The news [1] January 2nd didn’t come as a surprise for the industry as President Trump has criticized China for its trade and currency policies and its “America First” slogan has been the damocle’s sword hanging over the deal. We analyzed the deal in a past blog explaining the US Committee on Foreign Investment (CFIUS) involvement in these kinds of deals. It is not the first time MoneyGram is not allowed to be bought. When Western Union was trying to buy it, the deal was stopped to prevent the creation of a monopoly.

[1] U.S. blocks MoneyGram sale to China’s Ant Financial on national security concerns http://reut.rs/2DkwctP


In Ant Financial’s Jack Ma’s visit to Trump he promised on January 9th 2017, the creation of 1 million US jobs. It is worth reading the piece that the Guardian wrote [1] at that time when Ma dined with Ivanka and met with very influential people in Washington DC. But opposition to the MoneyGram offer was looming: “The MoneyGram deal has attracted significant opposition from lawmakers in Washington, hinging on the fact that a large number of military families use the company to transfer money.” We have to remember also that in the campaign trail, Trump promised to impose tariffs on Chinese goods [2] (although much of what the president says can be labeled as “fake news” this can really happen). Rising Chinese investment in the US and the world worries the White House, but is this the way to confront it?

It is surely very bad news for Moneygram and every one of its employees who had high hopes that Alipay, the world’s largest mobile and online payments platform, was going to save the company from the brink of failure. What will happen to the company? What is the future for MoneyGram? What is the future of Chinese investments in the US Financial Services sector? Fintechs in other parts of the world will surely welcome Ant Financial’s investment and the statement that Ant & MoneyGram’s are making plans to work together seems to be just a smokescreen to prevent MGI’s meltdown. Will Euronet’s RIA, who pushed to stop the deal, will follow through and buy MGI? If not, who else?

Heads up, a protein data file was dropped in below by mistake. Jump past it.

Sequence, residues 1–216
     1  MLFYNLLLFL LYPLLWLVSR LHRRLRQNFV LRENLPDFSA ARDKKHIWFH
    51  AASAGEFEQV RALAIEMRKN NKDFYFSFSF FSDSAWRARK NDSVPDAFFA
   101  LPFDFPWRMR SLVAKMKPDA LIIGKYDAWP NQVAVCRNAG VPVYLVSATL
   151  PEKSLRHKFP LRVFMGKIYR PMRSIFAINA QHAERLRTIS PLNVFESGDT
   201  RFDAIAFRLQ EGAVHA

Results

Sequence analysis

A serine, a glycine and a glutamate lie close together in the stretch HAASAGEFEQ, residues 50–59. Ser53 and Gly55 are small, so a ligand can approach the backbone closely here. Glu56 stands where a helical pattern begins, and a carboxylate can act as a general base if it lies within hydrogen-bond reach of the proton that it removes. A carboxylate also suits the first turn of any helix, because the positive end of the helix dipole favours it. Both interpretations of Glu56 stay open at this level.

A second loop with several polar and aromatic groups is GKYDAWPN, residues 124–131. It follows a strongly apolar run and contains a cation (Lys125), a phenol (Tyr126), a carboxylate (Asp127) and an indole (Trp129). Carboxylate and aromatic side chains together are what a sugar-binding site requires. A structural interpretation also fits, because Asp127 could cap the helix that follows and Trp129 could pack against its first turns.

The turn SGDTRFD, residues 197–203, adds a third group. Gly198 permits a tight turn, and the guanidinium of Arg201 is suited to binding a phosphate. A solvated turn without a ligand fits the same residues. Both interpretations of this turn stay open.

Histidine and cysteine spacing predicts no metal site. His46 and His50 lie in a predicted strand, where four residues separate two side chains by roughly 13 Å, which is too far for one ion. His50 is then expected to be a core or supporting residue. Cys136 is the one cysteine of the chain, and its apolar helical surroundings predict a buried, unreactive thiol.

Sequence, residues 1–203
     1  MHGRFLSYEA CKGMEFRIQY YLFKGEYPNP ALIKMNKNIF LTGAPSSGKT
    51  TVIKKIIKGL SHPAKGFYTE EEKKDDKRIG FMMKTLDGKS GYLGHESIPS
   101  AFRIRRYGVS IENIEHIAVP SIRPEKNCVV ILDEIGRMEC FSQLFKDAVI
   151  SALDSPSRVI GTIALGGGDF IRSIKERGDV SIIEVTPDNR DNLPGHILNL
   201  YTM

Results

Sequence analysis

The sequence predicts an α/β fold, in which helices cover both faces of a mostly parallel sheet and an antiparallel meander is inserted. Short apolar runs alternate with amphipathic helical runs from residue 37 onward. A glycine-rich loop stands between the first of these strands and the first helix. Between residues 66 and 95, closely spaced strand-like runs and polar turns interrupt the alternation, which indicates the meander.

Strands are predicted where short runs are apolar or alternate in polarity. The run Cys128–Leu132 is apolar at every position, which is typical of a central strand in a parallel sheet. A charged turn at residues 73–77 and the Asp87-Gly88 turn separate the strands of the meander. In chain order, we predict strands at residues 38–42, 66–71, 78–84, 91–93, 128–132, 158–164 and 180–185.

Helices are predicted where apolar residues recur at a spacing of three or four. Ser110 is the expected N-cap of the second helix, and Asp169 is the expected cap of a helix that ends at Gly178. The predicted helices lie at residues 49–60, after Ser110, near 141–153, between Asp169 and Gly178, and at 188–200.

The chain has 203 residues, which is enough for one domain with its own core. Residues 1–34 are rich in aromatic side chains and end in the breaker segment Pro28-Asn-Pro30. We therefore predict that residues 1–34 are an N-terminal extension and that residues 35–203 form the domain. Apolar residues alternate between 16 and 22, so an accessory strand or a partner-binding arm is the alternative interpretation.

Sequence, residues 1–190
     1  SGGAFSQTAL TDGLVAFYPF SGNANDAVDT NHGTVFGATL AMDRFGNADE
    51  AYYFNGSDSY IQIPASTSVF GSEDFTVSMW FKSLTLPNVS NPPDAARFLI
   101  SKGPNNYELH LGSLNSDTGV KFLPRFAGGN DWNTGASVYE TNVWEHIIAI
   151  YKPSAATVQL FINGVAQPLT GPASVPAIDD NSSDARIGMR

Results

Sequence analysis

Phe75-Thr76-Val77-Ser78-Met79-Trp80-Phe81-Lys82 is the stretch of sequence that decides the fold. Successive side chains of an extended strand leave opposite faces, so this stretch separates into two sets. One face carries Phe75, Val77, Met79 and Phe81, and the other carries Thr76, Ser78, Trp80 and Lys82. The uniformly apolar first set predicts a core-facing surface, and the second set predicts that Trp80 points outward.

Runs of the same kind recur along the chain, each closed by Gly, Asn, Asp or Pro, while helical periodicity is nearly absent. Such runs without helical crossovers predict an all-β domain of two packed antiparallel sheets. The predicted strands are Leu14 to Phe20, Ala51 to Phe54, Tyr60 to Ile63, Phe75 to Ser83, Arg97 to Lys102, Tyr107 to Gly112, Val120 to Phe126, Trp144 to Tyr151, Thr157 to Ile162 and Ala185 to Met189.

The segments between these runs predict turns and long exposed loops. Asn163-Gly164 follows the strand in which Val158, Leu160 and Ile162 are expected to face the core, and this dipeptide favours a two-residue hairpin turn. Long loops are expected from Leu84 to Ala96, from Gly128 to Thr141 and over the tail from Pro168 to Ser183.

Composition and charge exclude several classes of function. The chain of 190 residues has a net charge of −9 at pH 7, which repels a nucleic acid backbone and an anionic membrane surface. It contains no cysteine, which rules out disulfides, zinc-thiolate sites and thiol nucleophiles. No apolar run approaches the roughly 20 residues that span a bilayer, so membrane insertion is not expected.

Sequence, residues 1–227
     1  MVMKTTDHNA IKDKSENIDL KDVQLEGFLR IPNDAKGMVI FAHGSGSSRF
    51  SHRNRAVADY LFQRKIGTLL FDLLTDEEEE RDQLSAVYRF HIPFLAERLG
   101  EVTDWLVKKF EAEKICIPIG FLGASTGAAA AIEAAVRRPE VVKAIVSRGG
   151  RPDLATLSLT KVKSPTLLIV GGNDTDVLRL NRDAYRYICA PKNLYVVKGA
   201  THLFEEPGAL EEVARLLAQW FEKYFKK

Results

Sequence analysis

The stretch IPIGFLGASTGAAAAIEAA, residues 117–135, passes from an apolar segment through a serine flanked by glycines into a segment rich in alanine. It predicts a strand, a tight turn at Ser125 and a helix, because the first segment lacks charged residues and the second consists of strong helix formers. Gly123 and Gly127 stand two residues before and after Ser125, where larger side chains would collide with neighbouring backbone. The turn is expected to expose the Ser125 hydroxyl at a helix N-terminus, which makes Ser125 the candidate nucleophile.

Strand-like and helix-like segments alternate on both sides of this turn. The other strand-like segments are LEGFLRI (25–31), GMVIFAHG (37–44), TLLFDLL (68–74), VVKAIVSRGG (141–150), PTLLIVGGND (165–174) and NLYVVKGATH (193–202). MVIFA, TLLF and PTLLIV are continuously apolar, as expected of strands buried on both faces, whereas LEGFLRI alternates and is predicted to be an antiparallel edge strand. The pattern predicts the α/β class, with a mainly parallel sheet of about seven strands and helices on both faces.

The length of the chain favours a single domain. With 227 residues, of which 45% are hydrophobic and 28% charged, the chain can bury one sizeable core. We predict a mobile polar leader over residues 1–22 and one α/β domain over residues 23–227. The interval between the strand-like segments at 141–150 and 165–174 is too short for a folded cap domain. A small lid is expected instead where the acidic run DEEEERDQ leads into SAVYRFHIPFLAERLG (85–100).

[1] Can Jack Ma, Asia’s richest man, create 1m jobs in the US? http://bit.ly/2mLXcsK
[2] Donald Trump ‘may be ready to press’ the punitive China tariff button http://bit.ly/2FJRIGw


What is more likely to happen at this point is that MoneyGram will sell to another company, and one company that has shown interest in the past is Euronet,” said Gil Luria, an equity analyst at D.A. Davidson & Co.[1]

Ant Financial agreed on a $18 per share all-cash deal. Euronet Worldwide (RIA Money Transfers) made an unsolicited offer for MoneyGram and openly lobbied U.S lawmakers, saying Ant’s proposal created a national security risk citing concerns about Ant Financial’s relationship with the Chinese government. As was discussed in a round table at IMTC WORLD 2018 in Miami, industry representatives never quite understood Euronet’s April 17 statement on MGI and its desired to “set the record straight”. As one round table participant stated: ”the statement sounds more political than a company that wants to really buy”.[2]